Batching is another great way that exchanges can reduce their fees. See: Saving up to 80% on Bitcoin transaction fees by batching payments. Despite the benefits of batching, some exchanges have been slow to implement it.

There is an opportunity now for all bitcoin users to individually contribute to help strengthen and improve the bitcoin protocol. At this point, the process requires a bit of work/learning on the part of the user, but in doing so you’ll actually be advancing bitcoin and leaving what could turn out to be a multi-generational legacy for humanity.



On Dec 18 Subhan Nadeem has pointed out that:

If every transaction in the Bitcoin network was a SegWit transaction today, blocks would contain up to 8,000 transactions, and the 138,000 unconfirmed transaction backlog would disappear instantly. Transaction fees would be almost non-existent once again.

A few thousand bitcoin users from /r/Bitcoin switching to making their next transactions SegWit transactions will help take pressure off the network now, and together we can encourage exchanges/wallets to rapidly deploy SegWit for everyone ASAP. Let’s make 80%+ SegWit happen fast. You can help by taking one or more of the action steps below.


  1. If your favorite wallet has not yet implemented SegWit, kindly ask them to do so immediately. In the meantime start using a wallet that has already implemented SegWit.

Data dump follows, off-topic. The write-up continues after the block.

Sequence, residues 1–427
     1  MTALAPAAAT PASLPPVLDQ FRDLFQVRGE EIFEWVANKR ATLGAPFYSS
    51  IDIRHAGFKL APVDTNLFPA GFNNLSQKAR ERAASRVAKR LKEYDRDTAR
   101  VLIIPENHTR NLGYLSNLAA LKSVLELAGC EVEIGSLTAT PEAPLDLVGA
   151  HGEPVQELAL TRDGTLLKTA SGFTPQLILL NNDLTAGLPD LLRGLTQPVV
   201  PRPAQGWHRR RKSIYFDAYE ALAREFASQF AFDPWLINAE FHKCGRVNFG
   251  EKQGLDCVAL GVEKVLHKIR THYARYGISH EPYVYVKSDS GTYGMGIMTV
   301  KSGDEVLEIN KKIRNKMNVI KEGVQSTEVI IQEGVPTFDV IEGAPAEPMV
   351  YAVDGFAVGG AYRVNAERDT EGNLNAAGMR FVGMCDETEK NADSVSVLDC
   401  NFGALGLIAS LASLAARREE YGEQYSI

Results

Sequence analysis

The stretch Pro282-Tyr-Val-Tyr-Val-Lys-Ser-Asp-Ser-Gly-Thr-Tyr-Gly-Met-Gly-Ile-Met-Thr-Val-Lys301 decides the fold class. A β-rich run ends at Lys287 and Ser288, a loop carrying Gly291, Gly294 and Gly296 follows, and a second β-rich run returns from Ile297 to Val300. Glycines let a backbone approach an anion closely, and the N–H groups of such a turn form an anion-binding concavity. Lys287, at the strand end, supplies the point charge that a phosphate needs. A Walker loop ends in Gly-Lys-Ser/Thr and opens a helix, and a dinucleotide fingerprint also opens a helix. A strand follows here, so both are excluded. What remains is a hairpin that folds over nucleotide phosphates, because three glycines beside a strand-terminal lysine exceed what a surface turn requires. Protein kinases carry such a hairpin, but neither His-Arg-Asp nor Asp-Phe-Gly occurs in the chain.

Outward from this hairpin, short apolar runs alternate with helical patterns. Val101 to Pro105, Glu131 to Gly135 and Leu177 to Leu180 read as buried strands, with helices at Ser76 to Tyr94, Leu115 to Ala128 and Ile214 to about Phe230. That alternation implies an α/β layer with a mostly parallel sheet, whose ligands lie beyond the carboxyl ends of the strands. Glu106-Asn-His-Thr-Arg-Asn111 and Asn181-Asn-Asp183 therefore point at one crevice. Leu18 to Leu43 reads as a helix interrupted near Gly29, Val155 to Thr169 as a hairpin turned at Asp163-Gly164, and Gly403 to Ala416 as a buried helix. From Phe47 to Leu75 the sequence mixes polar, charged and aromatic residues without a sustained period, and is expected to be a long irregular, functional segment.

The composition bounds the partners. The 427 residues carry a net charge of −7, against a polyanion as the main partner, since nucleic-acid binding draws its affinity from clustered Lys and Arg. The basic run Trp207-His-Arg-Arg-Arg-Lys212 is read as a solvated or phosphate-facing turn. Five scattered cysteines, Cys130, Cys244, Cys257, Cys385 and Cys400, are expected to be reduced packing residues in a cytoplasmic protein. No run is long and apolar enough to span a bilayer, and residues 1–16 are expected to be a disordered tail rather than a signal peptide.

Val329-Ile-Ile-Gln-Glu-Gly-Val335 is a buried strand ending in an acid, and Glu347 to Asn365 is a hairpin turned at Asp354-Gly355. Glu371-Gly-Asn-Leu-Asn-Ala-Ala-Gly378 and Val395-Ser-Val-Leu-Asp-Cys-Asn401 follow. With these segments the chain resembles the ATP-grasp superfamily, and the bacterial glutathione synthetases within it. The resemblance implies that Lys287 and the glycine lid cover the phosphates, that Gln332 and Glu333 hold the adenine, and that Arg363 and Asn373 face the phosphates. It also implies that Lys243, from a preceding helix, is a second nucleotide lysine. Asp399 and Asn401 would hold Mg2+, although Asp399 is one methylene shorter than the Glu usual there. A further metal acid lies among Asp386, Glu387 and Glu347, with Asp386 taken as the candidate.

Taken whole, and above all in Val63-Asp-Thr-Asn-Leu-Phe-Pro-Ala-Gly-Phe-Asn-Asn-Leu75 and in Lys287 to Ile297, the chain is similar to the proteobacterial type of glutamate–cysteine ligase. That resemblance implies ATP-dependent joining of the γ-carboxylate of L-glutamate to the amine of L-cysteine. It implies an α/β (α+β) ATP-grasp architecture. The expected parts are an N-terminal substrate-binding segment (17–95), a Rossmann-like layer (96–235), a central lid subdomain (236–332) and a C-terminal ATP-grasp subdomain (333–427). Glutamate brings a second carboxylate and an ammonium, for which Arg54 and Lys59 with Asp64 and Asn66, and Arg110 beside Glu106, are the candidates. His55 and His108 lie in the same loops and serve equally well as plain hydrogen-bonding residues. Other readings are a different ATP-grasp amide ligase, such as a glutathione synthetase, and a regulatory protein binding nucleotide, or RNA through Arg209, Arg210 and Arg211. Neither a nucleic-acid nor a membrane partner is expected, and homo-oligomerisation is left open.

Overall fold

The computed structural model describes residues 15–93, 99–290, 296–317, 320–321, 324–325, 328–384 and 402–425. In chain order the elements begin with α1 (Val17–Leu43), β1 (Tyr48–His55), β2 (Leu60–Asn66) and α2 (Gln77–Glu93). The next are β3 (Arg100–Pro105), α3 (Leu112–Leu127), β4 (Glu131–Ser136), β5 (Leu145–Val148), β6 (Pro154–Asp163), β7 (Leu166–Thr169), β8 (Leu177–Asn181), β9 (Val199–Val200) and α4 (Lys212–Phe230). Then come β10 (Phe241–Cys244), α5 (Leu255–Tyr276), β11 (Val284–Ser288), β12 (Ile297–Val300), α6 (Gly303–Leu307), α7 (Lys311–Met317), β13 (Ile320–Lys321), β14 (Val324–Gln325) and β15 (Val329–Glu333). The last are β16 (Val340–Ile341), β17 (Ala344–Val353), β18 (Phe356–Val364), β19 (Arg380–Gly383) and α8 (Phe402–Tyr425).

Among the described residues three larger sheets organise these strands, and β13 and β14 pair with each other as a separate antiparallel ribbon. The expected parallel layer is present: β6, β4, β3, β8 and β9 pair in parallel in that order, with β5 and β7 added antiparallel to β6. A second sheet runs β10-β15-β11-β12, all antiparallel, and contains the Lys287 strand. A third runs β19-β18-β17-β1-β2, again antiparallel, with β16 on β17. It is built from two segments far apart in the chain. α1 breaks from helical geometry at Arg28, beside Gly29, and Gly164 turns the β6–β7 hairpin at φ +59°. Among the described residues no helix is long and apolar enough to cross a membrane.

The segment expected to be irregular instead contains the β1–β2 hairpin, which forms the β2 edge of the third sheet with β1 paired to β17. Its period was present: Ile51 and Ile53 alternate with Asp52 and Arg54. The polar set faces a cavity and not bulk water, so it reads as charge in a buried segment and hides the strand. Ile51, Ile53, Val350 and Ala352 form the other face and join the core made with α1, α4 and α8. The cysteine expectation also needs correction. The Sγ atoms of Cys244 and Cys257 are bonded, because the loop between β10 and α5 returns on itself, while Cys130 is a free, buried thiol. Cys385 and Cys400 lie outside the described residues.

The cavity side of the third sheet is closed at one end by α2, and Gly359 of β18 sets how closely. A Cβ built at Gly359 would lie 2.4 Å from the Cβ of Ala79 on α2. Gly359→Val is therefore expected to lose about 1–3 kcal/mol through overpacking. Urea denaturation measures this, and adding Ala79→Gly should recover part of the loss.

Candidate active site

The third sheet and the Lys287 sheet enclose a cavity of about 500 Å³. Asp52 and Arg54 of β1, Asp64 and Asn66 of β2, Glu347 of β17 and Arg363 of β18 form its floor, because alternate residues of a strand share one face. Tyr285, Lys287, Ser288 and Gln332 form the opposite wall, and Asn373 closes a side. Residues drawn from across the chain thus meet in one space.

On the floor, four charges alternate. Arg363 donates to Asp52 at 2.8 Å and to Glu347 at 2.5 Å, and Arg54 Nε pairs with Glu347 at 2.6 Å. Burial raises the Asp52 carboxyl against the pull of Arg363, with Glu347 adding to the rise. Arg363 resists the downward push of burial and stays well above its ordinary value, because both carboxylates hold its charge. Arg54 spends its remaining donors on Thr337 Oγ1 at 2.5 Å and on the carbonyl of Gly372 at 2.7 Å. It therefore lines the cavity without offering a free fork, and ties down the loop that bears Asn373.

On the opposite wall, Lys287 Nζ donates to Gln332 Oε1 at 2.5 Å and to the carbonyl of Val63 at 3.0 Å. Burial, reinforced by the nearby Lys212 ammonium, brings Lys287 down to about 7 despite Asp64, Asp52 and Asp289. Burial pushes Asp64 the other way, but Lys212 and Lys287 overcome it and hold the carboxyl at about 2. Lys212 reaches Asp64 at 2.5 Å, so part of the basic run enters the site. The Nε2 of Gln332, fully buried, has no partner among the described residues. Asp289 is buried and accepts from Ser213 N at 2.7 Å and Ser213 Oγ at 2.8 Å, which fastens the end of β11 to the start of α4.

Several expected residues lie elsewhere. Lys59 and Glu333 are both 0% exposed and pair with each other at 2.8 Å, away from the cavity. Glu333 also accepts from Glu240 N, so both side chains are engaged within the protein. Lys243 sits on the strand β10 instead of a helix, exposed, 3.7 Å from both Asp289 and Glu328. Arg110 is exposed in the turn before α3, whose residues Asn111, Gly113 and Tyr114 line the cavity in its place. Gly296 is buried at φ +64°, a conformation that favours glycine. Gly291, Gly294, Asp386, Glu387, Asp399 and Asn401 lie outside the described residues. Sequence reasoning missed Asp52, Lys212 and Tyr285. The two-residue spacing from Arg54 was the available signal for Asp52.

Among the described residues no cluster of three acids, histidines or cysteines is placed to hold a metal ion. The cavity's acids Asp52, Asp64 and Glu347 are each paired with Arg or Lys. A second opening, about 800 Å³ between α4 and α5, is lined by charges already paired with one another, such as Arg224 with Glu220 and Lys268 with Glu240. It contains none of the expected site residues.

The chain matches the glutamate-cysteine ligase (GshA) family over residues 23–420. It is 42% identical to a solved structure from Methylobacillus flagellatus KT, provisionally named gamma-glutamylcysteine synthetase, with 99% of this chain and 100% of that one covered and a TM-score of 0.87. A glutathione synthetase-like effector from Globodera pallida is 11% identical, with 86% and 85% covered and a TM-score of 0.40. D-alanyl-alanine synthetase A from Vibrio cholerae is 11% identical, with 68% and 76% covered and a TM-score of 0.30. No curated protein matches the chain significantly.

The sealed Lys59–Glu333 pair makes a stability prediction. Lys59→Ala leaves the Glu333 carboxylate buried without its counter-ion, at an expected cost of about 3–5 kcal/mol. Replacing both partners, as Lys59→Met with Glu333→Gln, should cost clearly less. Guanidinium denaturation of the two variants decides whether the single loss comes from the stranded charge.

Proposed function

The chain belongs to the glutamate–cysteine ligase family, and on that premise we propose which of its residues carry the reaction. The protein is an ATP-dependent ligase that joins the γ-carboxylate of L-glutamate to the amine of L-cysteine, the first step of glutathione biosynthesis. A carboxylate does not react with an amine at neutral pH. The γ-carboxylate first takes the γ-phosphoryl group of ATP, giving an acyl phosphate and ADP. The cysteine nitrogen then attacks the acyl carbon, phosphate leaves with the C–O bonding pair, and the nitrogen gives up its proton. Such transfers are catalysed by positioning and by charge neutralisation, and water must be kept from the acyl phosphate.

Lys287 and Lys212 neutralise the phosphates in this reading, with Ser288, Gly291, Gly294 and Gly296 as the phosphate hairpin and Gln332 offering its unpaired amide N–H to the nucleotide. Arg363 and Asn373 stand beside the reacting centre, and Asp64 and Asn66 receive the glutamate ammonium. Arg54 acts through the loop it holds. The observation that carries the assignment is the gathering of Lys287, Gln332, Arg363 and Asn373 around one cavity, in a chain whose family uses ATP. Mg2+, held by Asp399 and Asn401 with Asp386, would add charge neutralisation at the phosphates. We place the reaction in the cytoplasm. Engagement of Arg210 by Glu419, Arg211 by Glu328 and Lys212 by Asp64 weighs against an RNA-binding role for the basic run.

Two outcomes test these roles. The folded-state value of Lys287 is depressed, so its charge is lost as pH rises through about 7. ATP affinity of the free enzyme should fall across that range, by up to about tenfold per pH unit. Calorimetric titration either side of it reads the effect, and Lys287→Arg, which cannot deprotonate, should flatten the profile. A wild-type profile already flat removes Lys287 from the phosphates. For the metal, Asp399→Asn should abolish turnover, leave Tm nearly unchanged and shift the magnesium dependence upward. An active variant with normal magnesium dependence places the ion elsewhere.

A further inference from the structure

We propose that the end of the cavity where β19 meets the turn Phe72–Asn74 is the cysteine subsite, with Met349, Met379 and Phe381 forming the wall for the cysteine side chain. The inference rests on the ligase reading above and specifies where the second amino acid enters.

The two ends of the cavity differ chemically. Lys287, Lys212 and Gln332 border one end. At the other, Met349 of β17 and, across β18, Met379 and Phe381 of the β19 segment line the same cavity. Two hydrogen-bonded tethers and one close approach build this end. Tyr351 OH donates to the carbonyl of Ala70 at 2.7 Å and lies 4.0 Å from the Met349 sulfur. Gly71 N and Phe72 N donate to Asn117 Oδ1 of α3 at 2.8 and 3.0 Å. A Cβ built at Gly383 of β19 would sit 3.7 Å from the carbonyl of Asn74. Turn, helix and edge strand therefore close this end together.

2. If your favorite exchange has not yet implemented SegWit, try to avoid making any further purchases of bitcoin at that exchange and politely inform them that if they do not enable SegWit within 30-days they will lose your business. Sign-up for an account at a SegWit deployed/ready exchange now and initiate the verification process so you’ll be ready to bail
  3. Help educate newcomers to bitcoin about the transaction issue, steer them towards SegWit wallets from day one, and encourage them to avoid ever purchasing bitcoin through non-SegWit ready exchanges that are harming bitcoin.
  4. Spread the word! Conact individuals, websites, etc that use bitcoin, explain the benefits of SegWit to everyone, and request they make the switch

IMPORTANT NOTE: The mempool is currently still quite backlogged. If you are a long-term holder and really have no reason to move your bitcoins at this time, wait until the mempool starts to clear and transaction fees go down before moving your bitcoins to a SegWit address or SegWit friendly exchange.


Exchange Segwit Status Batching Status